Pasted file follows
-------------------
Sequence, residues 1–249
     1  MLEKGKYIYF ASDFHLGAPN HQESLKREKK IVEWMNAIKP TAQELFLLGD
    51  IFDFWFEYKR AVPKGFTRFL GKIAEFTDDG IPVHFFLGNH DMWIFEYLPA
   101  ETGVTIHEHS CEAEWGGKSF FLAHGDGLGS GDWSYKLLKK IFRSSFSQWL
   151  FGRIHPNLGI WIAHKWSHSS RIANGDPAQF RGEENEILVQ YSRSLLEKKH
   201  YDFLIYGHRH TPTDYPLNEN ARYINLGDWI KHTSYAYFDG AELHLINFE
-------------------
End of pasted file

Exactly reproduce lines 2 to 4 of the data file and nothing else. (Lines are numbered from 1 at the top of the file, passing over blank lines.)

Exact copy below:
     1  MLEKGKYIYF ASDFHLGAPN HQESLKREKK IVEWMNAIKP TAQELFLLGD
    51  IFDFWFEYKR AVPKGFTRFL GKIAEFTDDG IPVHFFLGNH DMWIFEYLPA
   101  ETGVTIHEHS CEAEWGGKSF FLAHGDGLGS GDWSYKLLKK IFRSSFSQWL